Fintech is real, it’s here, it’s disruptive, but it’s not going to change everybody’s life tomorrow. It’s going to unfold over many years in different ways. Fintechs are still tiny when compared to banks. In the lending context itself, while Fintechs have reached a lending figure of billions, the banks often deal in trillions. The basics still remain the same, i.e., you need a bank account to use most Fintech services. Banks know this and hence, they have to and, in fact, have begun exploring partnerships and alliances with Fintech companies, hire talent from outside banking systems and embrace the innovation. In fact, the FinTech companies will facilitate the bank’s ability to create more desirable, accessible and cost effective B2B and B2C services. In order to further this collaboration, banks must adopt an API-centric integration model with such third party partners in order to open newer channels to meet customer expectations.
Tools & platforms
It is essential to clarify that having a mobile application does not entail a digital transformation, it is merely a digital channel (a user-friendly front end) to connect with customers. An organization becomes truly digital when the system powering such mobile apps, the operations involved, data processes, etc. become digital in nature. Use of cloud technology to update infrastructure, to scale up technology, to create quicker and more competent bundles, leveraging big data to predict customer behavior and create personalized banking experience, utilizing digital channels of marketing, campaign management solutions, etc. However, experts warn organizations against investing too soon in tools for furthering reach in technologies such as hybrid cloud, IoT, etc., Network instability and daily system outages are the prime challenges banks face, when they add new tools to an architecture that is undergoing transformation. Use of fewer monitoring tools lead to fewer system outages and disruptions of operations. With organizations in a digital mode working on a unified, cross-functional mode, tool consolidation is the key to monitoring cross-functional and cross-domain efficiency, so selection of a single comprehensive tool such as cloud bundle with predictive intelligence, workflow optimization, monitoring tools, etc. can help pave the path to a complete, yet stable digital transformation.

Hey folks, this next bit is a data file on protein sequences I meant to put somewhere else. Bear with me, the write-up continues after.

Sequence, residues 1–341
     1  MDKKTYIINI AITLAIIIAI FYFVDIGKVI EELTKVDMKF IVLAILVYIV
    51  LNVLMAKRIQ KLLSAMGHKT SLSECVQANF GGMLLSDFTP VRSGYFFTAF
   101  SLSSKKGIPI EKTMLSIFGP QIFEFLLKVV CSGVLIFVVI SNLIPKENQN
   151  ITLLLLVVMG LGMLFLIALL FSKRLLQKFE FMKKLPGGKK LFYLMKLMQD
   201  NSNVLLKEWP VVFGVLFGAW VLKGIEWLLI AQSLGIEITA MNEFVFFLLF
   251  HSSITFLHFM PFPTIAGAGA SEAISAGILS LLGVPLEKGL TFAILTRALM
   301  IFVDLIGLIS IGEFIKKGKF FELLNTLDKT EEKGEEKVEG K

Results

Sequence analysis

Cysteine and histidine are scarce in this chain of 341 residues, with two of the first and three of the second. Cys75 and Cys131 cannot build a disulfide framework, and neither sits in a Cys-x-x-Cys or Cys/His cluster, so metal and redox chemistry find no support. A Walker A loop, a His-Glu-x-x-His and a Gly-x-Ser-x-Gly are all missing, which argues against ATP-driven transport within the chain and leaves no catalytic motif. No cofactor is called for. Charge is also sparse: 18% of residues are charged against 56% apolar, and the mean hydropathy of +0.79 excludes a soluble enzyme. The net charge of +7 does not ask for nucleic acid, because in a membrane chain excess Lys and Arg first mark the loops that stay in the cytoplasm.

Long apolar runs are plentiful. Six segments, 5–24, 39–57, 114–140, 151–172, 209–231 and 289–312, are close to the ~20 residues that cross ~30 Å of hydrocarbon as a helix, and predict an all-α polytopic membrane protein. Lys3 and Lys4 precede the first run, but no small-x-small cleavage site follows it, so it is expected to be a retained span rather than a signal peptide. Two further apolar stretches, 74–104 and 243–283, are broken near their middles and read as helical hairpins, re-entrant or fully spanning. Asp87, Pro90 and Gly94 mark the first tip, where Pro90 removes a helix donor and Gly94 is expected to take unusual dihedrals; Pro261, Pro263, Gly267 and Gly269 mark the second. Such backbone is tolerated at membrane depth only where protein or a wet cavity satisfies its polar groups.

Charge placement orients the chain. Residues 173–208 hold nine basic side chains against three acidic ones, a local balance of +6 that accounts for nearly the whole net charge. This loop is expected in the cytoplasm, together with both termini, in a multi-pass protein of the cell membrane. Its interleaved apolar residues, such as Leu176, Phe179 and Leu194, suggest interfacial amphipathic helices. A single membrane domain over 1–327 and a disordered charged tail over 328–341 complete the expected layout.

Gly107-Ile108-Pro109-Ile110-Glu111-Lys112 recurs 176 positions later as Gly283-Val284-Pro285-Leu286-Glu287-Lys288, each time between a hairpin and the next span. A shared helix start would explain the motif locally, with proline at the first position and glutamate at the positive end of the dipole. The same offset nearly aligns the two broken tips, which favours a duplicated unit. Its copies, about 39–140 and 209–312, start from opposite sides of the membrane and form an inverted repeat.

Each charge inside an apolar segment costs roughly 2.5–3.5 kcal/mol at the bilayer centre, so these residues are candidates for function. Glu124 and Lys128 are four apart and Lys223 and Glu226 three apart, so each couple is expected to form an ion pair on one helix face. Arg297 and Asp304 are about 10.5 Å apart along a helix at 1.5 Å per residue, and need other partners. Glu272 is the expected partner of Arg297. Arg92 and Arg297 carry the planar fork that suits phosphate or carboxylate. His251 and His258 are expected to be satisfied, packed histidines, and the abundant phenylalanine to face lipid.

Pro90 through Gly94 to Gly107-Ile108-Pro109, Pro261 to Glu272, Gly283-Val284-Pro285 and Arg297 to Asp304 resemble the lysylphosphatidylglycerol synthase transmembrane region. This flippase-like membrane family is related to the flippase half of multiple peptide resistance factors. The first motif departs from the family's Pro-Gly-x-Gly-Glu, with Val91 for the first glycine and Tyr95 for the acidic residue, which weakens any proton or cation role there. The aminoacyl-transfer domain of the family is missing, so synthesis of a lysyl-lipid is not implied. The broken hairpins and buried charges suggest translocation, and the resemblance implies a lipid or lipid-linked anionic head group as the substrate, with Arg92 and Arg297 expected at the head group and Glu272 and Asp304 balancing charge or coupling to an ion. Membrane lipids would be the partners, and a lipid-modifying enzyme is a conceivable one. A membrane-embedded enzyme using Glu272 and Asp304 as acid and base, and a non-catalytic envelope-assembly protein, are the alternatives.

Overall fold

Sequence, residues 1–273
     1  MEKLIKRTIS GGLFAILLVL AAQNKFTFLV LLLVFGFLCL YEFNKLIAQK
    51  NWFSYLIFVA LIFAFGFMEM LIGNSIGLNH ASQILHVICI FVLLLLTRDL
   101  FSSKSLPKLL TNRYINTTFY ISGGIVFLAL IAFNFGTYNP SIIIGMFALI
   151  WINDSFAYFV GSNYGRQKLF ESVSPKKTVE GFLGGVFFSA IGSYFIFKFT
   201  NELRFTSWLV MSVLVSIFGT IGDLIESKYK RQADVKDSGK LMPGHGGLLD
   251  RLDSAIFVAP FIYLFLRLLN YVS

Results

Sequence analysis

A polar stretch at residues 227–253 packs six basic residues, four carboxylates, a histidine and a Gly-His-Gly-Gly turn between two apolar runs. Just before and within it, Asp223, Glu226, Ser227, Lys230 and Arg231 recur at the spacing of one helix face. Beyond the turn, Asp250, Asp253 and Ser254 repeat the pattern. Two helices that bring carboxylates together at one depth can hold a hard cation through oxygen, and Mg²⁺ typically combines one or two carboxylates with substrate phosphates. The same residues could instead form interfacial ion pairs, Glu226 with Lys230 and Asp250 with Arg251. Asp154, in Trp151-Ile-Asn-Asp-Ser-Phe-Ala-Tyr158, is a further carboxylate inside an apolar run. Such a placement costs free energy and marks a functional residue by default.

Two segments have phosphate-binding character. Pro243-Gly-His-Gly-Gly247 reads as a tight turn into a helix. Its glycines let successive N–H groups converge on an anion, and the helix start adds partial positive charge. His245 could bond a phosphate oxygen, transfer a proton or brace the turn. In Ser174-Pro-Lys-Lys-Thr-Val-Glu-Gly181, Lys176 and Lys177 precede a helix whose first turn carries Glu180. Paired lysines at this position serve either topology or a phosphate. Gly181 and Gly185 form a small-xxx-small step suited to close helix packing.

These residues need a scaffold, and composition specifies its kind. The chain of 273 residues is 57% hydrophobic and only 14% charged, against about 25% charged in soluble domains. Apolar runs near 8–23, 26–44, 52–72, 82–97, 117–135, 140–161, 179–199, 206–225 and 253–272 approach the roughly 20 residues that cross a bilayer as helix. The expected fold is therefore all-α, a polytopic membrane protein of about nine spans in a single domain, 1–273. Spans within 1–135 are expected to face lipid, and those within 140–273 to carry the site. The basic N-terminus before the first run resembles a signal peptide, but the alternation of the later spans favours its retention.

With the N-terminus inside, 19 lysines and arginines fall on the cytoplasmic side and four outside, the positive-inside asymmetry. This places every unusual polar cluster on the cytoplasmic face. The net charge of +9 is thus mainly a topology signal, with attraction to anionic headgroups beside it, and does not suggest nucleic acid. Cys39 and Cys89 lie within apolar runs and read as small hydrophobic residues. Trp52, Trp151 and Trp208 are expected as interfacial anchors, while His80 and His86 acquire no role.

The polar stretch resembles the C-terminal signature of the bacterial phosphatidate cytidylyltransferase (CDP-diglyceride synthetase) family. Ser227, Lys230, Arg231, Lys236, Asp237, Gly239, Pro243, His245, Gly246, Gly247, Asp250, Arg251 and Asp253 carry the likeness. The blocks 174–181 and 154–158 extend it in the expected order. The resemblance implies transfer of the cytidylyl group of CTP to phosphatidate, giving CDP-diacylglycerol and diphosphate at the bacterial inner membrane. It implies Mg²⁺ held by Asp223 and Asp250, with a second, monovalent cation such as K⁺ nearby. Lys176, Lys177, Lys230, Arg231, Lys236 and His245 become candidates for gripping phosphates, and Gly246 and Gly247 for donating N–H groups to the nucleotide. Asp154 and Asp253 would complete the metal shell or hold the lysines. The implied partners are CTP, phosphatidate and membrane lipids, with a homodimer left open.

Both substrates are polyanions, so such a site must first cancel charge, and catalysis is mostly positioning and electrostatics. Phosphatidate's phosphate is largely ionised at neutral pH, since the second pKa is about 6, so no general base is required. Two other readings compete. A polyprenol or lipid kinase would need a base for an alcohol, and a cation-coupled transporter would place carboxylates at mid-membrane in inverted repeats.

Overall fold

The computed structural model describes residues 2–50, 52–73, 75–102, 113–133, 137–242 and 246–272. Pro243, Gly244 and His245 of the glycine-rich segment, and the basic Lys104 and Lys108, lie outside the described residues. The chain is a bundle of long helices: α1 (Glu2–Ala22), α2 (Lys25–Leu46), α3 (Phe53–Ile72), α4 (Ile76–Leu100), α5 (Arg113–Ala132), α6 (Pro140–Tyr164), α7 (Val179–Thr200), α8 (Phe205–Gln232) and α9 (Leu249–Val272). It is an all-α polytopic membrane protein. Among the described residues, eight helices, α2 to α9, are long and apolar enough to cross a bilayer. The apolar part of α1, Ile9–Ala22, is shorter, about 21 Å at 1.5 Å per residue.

Process – Agile methodology/continuous testing/extent of automation
In the models prevalent today, business provides requirements and come to test for acceptance at the end; in a Digital world, the cooperation needs to be at every stage of the life cycle from requirements to release; Instead of business coming to technology, technology needs to move to business and involve them at validation at every stage of the journey.
The very need to move digital is a response to quicker timelines, better quality, and frequent changes precipitated by customer experience or technology disruption. To ensure the product or service delivery is seamless and uninterrupted, adopting agile, implementing continuous testing/assurance practices along with automation of processes hitherto done in manual mode is essential. While adopting automation too, it is necessary to avoid buying automation tools and suites which require specialized skills and dedicated manpower for their operation and maintenance.
The writer is Vice President, Digital Assurance at Maveric Systems. Views are personal.For all the latest News, Follow us on Twitter and Facebook